There are many causes of accidents. In California, as in other locations, one of the most common catalysts in terms of causing accidents that lead to injuries or death is a speeding driver. In a recent case from Los Angeles County reported by propertycasualty360.com, a gardener, who was struck by the driver traveling behind him, recovered $5 million for his brain, hip, and diaphragm injuries. The rear driver was partly at fault for traveling somewhere between 11 and 23 mph in excess of the posted speed limit when he crashed into the gardener’s vehicle.
The injured driver in this case was a 38-year-old Los Angeles County man who was attempted to return to his home when the crash happened. Due to the layout of the road in front of his apartment, the man had to make a U-turn to reach the parking area in front of his building. Since the road was narrow, the gardener engaged his right turn signal and pulled to the right-hand curb in order to have the necessary space to complete the U-turn without going off the road. As the gardener began to make his U-turn, the vehicle that had been behind him crashed into his vehicle’s driver’s side door. The impact was so profound that emergency workers had to use the Jaws of Life to free the gardener. Police cited both the gardener (for an unsafe U-turn) and the 18-year-old driver who crashed into him (for excessive speed).
The gardener suffered a significant leg and hip injury, a diaphragm injury, and a traumatic brain injury so severe that he was unconscious for two weeks and had concussive amnesia for a month after that. The gardener sued the teen for his injuries, arguing that the teen was negligent because he was going too fast and failed to maintain an appropriate lookout. Each driver argued to the jury that the other’s moving violation was the true source of the injuries. To strengthen his case, the gardener had on his side an accident reconstruction expert, who opined in court that the teen was going between 53 and 58 mph, well in excess of the 35-mph limit. This, the gardener argued, was the cause of the accident. Had the teen been driving at the speed limit, he would have seen and recognized that the gardener was making a U-turn in time and would have been able to avoid the collision.
On the other side, the defense argued that the gardener’s unsafe U-turn was the cause of the accident. The gardener had turned on his right turn signal, which motivated the teen to try to pass him on the left. The crash only took place when the gardener began turning to the left to accomplish his U-turn, and the teen was braking as he hit the gardener. While acknowledging that the teen was speeding, the defense argued that the crash would have occurred even if he had been traveling at the posted limit.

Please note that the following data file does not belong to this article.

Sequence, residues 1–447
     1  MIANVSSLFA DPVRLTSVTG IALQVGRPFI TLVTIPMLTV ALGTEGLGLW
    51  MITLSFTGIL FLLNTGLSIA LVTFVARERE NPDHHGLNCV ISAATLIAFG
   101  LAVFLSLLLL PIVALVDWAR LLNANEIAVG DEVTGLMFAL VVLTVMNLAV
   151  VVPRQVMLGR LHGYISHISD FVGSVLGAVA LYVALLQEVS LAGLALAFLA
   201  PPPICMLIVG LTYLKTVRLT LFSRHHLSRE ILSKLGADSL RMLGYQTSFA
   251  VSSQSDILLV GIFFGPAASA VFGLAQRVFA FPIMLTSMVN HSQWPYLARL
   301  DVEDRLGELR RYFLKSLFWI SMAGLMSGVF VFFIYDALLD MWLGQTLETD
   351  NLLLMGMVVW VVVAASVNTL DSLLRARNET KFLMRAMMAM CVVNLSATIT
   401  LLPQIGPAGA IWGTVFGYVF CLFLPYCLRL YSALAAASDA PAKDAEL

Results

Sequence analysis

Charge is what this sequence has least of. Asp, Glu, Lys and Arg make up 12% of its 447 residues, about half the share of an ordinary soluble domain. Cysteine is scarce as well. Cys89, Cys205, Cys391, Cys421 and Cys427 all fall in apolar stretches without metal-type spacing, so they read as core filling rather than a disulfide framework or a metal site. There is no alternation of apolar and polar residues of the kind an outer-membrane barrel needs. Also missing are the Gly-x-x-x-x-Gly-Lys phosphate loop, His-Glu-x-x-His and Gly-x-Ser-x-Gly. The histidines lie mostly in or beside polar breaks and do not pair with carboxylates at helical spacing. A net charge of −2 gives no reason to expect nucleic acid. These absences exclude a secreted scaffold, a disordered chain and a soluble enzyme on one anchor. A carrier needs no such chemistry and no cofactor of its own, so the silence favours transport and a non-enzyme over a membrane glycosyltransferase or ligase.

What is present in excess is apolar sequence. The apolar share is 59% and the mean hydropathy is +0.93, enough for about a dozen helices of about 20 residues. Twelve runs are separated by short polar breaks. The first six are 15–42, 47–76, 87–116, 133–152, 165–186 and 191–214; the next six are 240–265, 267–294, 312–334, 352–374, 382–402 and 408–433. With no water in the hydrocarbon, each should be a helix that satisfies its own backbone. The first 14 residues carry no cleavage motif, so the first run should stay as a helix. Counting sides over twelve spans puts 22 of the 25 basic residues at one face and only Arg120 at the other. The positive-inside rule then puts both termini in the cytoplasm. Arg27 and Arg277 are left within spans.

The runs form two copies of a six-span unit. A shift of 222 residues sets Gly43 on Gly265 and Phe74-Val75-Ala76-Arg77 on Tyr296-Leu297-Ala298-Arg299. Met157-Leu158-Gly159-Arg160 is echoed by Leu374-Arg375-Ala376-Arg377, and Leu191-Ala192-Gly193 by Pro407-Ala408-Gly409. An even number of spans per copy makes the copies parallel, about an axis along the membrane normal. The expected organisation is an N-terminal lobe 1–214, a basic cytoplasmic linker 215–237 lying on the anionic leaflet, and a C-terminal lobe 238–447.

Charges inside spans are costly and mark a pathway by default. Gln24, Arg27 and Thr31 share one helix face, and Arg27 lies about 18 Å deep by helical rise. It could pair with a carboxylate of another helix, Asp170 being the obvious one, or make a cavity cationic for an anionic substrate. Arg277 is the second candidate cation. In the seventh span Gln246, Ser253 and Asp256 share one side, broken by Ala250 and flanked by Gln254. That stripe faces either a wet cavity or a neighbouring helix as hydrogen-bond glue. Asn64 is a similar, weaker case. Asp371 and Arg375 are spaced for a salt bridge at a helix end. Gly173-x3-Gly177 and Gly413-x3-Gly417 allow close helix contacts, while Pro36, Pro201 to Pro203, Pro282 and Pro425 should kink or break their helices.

As for his injuries, the gardener argued that he would need a total hip replacement and that his head injury had caused him a permanent cognitive impairment and the loss of gray matter. This would lead to early onset dementia, and the injuries to both his brain and body would mean he would need 24-7 care. Ultimately, the jury found that the gardener had suffered $10 million in damages, but he was partly at fault for the accident as a result of the U-turn, reducing the final award to a total of $5 million.
If you’ve been injured because another driver was operating his vehicle at an excessive speed, you may have a very strong case for compensation for the harm you suffered as a result of this driver’s driving unsafely. The hardworking San Mateo car accident attorneys at the Law Offices of Galine, Frye & Fitting are here to help injured people pursue the damages they incurred and can help you with your personal injury case. To set up a free consultation with one of our experienced attorneys, contact us at 650-345-8484 or through our website.
More Blog Posts:
California Jury Rejects Driver’s ‘Sudden Emergency’ Defense, Awards Parents $3.5M in Wrongful Death Case, San Mateo Injury Lawyers Blog, published Nov. 17, 2016
California Court Affirms Two-Million Dollar Verdict for Plaintiff Injured in Auto Accident, San Mateo Injury Lawyers Blog, published May 10, 2016
Photo credit: Dino Kužnik at Wikimedia Commons.